Giles volleyball observes “Dig Pink” for cancer awareness
PEARISBURG – Hundreds of Giles High School fans packed the school’s gymnasium Tuesday, most wearing pink, to raise breast cancer awareness and support the Lady Spartans volleyball teams.
The pink-out event is part of the non-proft Side-Out Foundation’s, a non-profit, Dig Pink National Breast Cancer Awareness Rally which is hosted during the month of October at thousands of middle school, high school and college volleyball games nationwide.
Dig Pink events encourage volleyball players, coaches and community members to promote breast health education and raise funds to help further breast cancer research.
But Giles students and community members took the night a step further when they decided to dedicate the game and festivities to recent Giles alumnus Wesley Ferrell.
Ferrell, who graduated in June, was diagnosed with osteosarcoma in February and underwent two rounds of chemotherapy before the tumor in his right leg claimed the limb just days after graduation.
Before the game, Whitney Matlock, Giles’ varsity volleyball coach reminded the crowd of the reasons the event was taking place and spoke about what Ferrell’s battle has meant to his former classmates and the community.
“His courage and attitude throughout this ordeal is an example for each of us to use as we face our lives,” Matlock said. “He is an inspiration to all his friends, classmates, teachers and family.”
Ferrell began 30 additional weeks of chemo on Monday, Matlock said, and couldn’t make it to Tuesday night’s event. Although he was unable to be there, Ferrell had written a statement for the crowd.
Josh Ferrell, Ferrell’s brother, told the crowd reading the statement would be difficult for him and asked the audience to bear with him as told them what his brother had to say.
Josh said Ferrell wanted to thank the Lady Spartans and everyone in attendance for their support as he battles cancer and informed them he was currently going through chemo, but was there in spirit.
“Tonight, the donations will go to research and together we’re going to find a cure,” Ferrell wrote. “Maybe one day we will say we played a small part in that and we’ll live in a world that is cancer-free.”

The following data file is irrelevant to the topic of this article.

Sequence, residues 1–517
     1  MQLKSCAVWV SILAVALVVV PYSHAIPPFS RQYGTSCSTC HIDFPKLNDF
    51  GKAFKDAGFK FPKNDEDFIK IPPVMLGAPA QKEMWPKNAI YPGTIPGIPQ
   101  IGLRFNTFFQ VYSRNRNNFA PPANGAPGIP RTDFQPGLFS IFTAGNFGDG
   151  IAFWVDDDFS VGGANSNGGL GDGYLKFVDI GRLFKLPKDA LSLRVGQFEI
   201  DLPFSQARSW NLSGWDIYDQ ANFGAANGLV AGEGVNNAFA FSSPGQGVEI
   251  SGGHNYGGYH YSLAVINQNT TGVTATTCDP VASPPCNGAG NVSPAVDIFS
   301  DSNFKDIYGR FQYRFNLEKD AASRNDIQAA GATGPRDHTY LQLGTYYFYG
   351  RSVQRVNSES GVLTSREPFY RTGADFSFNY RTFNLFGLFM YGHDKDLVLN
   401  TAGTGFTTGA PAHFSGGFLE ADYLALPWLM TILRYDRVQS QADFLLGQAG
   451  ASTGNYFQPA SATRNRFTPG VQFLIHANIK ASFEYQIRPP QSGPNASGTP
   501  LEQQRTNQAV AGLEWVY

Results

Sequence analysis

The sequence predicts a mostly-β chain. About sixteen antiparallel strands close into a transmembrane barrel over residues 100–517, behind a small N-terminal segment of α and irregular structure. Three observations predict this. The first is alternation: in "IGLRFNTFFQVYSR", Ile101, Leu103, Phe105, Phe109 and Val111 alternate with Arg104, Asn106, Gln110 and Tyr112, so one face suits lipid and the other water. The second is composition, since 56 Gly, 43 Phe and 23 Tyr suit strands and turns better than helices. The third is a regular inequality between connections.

Giles Principal Jason Mills said Ferrell is “as fine a young man as you’ll ever meet.” It’s evident that Ferrell had impacted students and he was glad to see they hadn’t forgotten him, Mills added.
“Our school was able to support him last year as he went through the ordeal and even support him now as he continues to go through it,” Mills said. “He’s a really big part of tonight’s Dig Pink event.”
In addition to their former classmate, each Giles volleyball players dedicated their game to individuals who had fought cancer, or are currently fighting the disease.
Mills said the event was a great opportunity for students, parents and community members to come together and support a cause that’s “near and dear” to a lot of their hearts.
“Obviously, this is the largest crowd we’ve had all year and it goes to show the community is supporting our team and the cause of Dig Pink and breast cancer research,” Mills said.
Event Coordinator Ellen Hawks said the idea for Giles’ Dig Pink event began several years ago when Tuesday night’s opponent, Auburn High School, invited them to play at their event.
“Last year, we loved it so much that we thought we should do one, too,” Hawks said. “It’s a reciprocal thing; we play them on their night and they play us on our night.”
In addition to gate admission for the volleyball game, fans could purchase t-shirts, items from a bake sale and concessions. Matlock said the event raised about $5,800.
Carilion Giles Community Hospital mammography techs were at the game to show off their digital mammography machine, the only one of its kind in the area, and explain the history of mammograms.
Kimberly Tamminen, Mammographer and Ultrasound Tech said the techs were there to explain to young girls the importance of recognizing an abnormality and knowing that it’s okay to seek help.
Although Giles lost in the final set, Mills said he believed the event at Giles High was a success and was glad to see the community and school come together in the way they did, like they always do.
“It allows us to stop a second and think that the school is not only teaching our children about reading, writing and math, but also about service to each other,” Mills said.
“It makes me really proud to look out and see the kids are out here supporting this.”
The Roanoke Times | 381-8627
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